The doctors are amazing: they work long hours, long days, day after day without complaint and they’re delighted with the outdoor work, with the chance to serve the poor and marginalized. We pay them decent salaries but these are nothing compared to what they would earn if they were in private practice.

    So to those in this country and abroad who say that dedication is dead, or that people are not able to do the work in the rural areas that is needed, I say, “That is rubbish! Come and see what the health teams are doing, how they work in such difficult conditions and how they bring hope and health to those who need it. And there isn’t a whisper of complaint except when they don’t get the medicines from the NRHM and health department that they require.”

    I am sure there are hundreds of others working in such conditions in many parts of the country, unheralded, unreported and unsung. But they get the work done and the media doesn’t do a damn thing about it. There are so many conversations I have had with senior television news channel leaders who have expressed interest in the work we do. But they haven’t sent a single team to cover it; not because they are not interested but probably because they don’t get the time to think about it.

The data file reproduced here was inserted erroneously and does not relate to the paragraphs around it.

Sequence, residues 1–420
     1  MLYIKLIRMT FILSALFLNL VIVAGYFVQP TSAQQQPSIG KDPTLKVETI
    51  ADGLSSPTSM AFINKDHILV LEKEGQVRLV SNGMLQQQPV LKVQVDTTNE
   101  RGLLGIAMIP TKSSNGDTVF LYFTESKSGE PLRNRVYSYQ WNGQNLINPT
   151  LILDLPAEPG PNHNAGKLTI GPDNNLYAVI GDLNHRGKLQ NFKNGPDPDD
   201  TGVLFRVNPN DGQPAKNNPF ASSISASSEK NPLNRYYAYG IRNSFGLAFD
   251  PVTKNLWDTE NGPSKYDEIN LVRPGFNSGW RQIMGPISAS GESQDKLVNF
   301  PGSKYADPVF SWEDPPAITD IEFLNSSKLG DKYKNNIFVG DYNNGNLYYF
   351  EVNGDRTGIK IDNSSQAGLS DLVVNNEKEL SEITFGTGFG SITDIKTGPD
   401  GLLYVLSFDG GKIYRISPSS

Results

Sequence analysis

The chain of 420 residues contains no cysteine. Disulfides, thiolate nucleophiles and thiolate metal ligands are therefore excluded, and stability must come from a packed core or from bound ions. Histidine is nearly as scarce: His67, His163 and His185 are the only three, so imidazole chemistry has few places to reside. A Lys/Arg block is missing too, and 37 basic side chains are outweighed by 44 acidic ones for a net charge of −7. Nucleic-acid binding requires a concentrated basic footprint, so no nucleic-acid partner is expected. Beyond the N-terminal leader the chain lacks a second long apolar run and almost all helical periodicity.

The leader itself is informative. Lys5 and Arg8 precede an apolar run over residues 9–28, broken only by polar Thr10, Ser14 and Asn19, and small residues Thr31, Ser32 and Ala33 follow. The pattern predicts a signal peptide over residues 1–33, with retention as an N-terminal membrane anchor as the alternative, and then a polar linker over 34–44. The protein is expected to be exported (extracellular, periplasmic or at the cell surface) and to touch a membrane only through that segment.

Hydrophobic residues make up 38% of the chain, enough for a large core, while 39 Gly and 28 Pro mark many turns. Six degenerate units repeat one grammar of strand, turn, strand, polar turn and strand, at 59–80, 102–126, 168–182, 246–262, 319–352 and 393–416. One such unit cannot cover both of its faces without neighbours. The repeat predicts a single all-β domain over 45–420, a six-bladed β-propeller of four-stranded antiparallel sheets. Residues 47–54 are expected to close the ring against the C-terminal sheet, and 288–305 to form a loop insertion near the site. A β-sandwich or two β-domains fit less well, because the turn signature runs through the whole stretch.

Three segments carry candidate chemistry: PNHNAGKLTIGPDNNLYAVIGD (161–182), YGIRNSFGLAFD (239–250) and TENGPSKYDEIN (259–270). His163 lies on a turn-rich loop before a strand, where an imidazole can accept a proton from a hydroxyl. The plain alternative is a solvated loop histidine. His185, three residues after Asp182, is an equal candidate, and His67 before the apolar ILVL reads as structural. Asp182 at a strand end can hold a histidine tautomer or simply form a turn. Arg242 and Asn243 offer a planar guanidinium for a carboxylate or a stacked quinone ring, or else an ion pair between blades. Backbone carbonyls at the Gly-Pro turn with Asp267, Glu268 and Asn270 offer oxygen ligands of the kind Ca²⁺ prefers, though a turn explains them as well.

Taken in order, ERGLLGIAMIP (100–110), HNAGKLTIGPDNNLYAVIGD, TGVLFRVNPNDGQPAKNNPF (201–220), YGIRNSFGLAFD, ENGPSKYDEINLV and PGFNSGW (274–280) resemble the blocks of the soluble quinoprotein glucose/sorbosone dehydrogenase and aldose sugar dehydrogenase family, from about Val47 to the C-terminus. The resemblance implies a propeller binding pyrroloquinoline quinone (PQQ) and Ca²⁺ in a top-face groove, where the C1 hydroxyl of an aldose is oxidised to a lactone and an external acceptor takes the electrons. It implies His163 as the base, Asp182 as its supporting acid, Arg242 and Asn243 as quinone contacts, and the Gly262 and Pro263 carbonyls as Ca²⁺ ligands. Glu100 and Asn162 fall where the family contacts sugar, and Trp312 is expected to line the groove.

And here’s a wonderful media story – reaching the unreached, people who never have had access to health and getting it for the first time on a sustained basis. They lend themselves to visual telling and radio stories as much as print. In the process, we discover so much.

    Like the women who come up to the doctors and say quietly they want family planning because they are literally sick with child bearing; that these women are poor and from Muslim backgrounds should not be a surprise.

    Or the old man who came to a camp and watched for the whole day without saying anything. Noticing him, one of the doctors, Hafeez, asked if he needed a check up. “No, I’m fine – I’ve just come to see what I have heard about: that health services are coming by boat, that there are doctors and nurses and that they are coming regularly. I wanted to see it for myself so I can tell others.”